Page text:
Responsibility provides access to action and allows us to produce results with freedom and flow. It opens doors to a renewed sense of power and new options in pursuing and proactively moving forward with our goals. This article explores how responsibility as a Way of Being plays a critical role in maintaining health and fitness, particularly when dealing with a disability or challenging medical condition.
If you haven’t got your health, you haven’t got anything
Keeping our health and fitness in good shape is critical if we are to reach our goals and achieve our vision. Yet many of us invest in gym memberships that seldom get used or make New Year's resolutions to lose weight and get fit that fail annually.
Consider what this can be like for someone who has a disability or a challenging medical condition. Some disabilities and conditions make the idea of exercise or heading to the gym a threatening proposition. For instance, there are accessibility limitations to many gyms and exercise equipment as well as the social barrier of wanting to fit in within these environments. Traditional exercise, such as cycling, swimming, jogging and even walking, presents an array of physical and emotional roadblocks. For example, if you are incontinent due to spinal damage, a walk around the block or laps in the pool would be major undertakings. If you are paraplegic, it might take two people to assist and support you when you go for a swim. Regular exercise becomes a team effort. And if you are dealing with chronic pain, it may feel as though any form of exercise is not worth the effort, as experience has taught you that the short-term impact can exacerbate the condition.
A world of solutions
The global market for weight-loss products and services is forecast to grow from $254.9 billion in 2021 to $377.3 billion by 2026. An endless number of solutions are offered, yet it’s evident both anecdotally and in the statistics that these solutions are very limited in their effectiveness. One oft-cited July 2005 study in The American Journal of Clinical Nutrition concluded that:
- About 20% of people are successful at maintaining their weight loss over the long-term (at least one year).
- About 80% of people are not successful at keeping their weight off over the long term.
Many people appear to be investing in solutions for their health, but the vast majority are not getting the results they were promised or that they expect. Consider the storm that is brewing with a 20% success rate for those who want to lose weight, together with the social, emotional and physical limitations of disability. The outcome is likely to be resignation and a feeling of powerlessness.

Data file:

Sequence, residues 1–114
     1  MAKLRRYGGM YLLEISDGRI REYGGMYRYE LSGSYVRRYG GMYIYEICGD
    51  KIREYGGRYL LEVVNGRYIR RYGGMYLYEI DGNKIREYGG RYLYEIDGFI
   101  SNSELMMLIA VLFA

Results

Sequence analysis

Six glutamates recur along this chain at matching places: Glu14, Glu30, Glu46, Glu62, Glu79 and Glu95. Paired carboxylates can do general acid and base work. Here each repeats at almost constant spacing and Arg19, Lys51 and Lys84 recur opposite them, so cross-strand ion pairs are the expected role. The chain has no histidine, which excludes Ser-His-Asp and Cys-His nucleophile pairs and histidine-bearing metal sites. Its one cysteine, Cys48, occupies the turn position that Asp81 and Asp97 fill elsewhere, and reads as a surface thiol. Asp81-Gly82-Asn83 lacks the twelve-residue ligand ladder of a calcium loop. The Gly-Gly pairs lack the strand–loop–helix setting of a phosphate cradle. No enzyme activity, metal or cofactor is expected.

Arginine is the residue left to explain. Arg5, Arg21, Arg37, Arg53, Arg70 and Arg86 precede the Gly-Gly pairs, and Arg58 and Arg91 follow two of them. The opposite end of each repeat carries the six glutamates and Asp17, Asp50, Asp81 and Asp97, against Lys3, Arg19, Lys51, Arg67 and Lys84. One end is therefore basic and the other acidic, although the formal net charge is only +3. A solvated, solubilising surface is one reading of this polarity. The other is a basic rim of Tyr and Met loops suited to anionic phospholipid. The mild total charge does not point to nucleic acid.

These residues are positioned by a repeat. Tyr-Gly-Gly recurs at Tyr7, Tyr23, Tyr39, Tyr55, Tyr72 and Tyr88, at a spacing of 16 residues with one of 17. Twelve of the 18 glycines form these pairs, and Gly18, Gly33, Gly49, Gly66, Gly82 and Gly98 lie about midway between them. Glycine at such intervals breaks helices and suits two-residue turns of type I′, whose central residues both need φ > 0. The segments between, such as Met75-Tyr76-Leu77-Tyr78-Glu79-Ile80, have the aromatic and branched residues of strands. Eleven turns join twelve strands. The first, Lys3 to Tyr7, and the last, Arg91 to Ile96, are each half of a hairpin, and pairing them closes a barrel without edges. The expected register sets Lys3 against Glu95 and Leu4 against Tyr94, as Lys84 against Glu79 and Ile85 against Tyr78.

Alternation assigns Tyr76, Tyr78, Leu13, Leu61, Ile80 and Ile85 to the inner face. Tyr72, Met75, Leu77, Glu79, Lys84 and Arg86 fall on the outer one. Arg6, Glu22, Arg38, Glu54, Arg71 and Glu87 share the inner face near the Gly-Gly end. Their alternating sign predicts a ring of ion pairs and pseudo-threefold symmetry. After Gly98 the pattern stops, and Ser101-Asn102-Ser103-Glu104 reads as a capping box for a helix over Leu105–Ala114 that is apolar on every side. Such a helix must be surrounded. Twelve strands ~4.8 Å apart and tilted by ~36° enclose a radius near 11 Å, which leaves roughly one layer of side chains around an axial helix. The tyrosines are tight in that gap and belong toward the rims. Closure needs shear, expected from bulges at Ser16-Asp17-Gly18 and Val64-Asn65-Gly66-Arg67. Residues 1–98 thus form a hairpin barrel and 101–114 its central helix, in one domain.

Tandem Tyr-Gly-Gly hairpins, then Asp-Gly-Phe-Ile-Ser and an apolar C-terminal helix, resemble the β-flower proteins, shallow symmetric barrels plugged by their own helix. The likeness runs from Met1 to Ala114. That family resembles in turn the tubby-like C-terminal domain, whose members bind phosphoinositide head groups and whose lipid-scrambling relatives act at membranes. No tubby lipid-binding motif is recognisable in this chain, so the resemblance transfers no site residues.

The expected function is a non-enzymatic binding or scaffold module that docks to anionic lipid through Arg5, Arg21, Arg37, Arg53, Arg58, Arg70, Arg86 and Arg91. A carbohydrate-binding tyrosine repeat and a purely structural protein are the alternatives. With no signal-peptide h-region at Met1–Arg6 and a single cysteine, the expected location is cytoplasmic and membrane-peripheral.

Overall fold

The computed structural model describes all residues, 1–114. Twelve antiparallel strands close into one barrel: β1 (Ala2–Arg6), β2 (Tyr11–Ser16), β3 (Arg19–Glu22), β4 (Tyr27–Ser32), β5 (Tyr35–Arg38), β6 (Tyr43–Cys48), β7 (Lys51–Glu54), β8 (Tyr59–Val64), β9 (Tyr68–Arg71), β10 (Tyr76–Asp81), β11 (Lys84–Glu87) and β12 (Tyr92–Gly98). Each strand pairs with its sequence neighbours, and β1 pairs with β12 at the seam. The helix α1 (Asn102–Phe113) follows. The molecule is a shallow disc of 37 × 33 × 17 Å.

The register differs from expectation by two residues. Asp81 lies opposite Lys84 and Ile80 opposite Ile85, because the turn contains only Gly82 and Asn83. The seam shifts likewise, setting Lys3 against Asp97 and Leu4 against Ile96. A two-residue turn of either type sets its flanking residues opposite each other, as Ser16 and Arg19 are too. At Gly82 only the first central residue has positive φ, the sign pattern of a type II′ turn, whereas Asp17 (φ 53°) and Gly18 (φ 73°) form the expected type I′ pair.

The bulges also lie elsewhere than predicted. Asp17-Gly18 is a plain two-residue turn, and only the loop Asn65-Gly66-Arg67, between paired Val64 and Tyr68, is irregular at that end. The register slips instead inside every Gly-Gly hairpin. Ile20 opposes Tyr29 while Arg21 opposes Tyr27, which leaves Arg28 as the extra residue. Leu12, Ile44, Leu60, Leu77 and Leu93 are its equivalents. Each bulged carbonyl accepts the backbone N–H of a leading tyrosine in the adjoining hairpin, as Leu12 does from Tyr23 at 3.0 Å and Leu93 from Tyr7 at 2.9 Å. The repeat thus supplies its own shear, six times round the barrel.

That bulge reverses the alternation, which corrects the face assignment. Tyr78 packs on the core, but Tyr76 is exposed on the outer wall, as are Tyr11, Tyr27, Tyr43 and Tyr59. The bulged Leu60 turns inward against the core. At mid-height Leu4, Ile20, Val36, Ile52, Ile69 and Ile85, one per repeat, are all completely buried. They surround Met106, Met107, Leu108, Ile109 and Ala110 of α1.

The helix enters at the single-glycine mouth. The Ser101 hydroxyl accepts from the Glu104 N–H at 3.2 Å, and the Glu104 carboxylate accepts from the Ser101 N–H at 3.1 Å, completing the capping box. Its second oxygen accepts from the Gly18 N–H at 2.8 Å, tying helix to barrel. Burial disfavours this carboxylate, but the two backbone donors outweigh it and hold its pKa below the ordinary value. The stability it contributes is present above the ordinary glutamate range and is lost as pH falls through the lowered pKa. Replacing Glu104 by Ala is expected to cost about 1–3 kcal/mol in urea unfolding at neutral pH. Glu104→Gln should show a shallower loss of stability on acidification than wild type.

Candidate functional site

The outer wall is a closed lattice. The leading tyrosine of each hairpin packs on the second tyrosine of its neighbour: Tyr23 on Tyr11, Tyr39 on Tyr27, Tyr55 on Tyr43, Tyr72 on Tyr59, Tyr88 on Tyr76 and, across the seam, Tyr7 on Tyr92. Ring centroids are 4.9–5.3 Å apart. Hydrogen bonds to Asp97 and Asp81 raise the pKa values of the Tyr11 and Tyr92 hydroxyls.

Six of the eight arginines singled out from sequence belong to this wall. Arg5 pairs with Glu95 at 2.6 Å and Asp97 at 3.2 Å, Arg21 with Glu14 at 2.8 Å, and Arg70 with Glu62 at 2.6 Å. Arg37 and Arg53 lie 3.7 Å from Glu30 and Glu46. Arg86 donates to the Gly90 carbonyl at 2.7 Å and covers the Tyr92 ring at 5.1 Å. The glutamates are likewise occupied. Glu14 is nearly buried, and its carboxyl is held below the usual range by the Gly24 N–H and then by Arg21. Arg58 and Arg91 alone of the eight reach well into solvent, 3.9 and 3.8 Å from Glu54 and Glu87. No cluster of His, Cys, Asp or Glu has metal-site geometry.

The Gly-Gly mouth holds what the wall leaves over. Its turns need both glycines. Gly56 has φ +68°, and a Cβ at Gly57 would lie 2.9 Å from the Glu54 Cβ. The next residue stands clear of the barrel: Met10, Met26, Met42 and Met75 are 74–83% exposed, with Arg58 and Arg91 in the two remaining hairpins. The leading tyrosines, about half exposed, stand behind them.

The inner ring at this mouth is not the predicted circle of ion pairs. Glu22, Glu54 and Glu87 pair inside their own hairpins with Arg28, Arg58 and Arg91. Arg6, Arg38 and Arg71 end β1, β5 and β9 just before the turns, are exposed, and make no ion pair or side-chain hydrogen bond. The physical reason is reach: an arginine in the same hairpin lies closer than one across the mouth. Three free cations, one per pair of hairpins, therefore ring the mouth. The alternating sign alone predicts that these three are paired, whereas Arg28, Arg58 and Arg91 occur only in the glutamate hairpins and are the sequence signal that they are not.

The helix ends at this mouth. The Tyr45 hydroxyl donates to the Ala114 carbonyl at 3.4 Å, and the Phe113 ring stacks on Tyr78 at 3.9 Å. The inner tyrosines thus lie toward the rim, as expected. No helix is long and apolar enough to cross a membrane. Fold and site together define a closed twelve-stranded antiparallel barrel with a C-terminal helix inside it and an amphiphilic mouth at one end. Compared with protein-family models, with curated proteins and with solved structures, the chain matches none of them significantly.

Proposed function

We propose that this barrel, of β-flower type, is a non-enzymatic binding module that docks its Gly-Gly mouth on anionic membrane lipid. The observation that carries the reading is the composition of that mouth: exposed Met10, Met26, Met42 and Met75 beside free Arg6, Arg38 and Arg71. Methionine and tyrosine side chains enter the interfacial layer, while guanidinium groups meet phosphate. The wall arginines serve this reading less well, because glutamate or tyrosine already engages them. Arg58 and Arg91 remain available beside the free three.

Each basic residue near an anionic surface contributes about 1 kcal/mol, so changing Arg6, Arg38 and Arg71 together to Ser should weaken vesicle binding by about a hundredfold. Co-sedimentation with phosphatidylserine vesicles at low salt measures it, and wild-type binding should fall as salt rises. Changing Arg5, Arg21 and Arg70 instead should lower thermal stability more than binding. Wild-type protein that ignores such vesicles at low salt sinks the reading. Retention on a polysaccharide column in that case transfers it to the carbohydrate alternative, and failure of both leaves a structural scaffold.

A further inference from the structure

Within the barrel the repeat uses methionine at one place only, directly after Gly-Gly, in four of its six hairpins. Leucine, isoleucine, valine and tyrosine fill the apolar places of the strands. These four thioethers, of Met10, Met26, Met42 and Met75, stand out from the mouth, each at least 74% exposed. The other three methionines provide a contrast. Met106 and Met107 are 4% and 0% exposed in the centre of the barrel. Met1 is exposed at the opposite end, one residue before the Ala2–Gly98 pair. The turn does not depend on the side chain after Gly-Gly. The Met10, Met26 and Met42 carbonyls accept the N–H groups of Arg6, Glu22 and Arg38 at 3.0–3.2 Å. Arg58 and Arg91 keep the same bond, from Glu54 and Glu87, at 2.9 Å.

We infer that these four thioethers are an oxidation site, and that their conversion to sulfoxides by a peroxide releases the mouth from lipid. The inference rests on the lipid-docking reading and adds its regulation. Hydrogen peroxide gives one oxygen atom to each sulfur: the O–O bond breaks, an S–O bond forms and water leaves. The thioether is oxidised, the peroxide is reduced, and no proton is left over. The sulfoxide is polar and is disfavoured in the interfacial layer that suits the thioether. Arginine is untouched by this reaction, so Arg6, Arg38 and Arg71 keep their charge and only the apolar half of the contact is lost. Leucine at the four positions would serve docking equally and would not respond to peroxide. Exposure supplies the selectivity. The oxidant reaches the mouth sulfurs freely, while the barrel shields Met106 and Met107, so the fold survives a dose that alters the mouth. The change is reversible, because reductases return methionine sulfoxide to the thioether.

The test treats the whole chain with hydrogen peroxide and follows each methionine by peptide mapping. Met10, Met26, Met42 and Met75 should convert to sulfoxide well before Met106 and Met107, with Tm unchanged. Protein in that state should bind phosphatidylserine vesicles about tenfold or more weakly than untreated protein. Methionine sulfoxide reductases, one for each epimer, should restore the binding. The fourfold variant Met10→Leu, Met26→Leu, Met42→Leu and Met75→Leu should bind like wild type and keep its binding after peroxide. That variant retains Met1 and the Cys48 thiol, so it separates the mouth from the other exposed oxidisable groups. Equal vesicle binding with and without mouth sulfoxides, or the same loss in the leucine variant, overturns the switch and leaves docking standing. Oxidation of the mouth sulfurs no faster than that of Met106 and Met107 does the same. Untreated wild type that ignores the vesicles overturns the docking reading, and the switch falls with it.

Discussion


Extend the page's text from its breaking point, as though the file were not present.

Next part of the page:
Options, choices and effectiveness
Despite this ominous forecast, we know that anyone – including those with disabilities and challenging medical conditions – can rise above to be effective. Those who decide to rise above recognise their autonomy and choose to be responsible for their outcomes. They use accountability structures like check-in calls with a friend or coach to keep themselves on the hook. If they slip up, they quickly own it and get back on track. They assertively and proactively respond to the daily situations they find themselves in while also maintaining their momentum. Although they may be dealing with a challenging medical condition or disability, they choose not to play the victim. Instead, they choose to be responsible and take ownership of their circumstances, regardless of the source.
People with a healthy relationship with responsibility as a Way of Being are proactive about finding the best trainer with the skills and experience to support someone with their condition. They do the research and discover, for example, that their health fund includes a fully subsidised weight-loss program. They find a dietician and learn about food groups and portions. They keep track of their weight and waist measurements weekly. They make an ongoing commitment to focus on their health and well-being. They forgive themselves for their mistakes and move on, without resentment, to fulfil their goals. In this way, their responsibility, to a large extent, delivers the power to act and move forward with freedom, ease and flow.
The freedom and results that come with being responsible
Two years ago, as I stood on the scales, which read 91kg, my BMI was 28.4, the upper end of the overweight range and nearing obesity. Today I am 79kg and my BMI is 24.7, in the healthy range. The impact of this type of weight loss is significant, especially when you’re dealing with a disability, as I am – in my case, the condition is spina bifida.
Significant improvements in general mobility, ease of use of the bathroom, participation in the community, feeling good about ourselves and being noticed all build confidence, which enables us to take on even greater challenges. We do more of the activities we love and may even try new ones. We get outdoors and enjoy the peace of mind that nature brings. Looking into new mobility solutions opens new possibilities for being active and participating fully in life.
Being responsible for how you relate to your medical condition is a choice you make – a choice that moves you towards your goals with freedom and flow. It is a choice that builds power and integrity and brings fulfilment and joy to life. I know what it is like to feel stuck, resigned to not getting the results you want. This feeling is an indicator of an unhealthy relationship with responsibility. It is possible to powerfully choose your circumstances and ask: what am I not owning in my life right now? Taking responsibility for your health and fitness will allow you to take ownership of your situation and reap the rewards of avoiding excuses, putting in the effort and seeing results.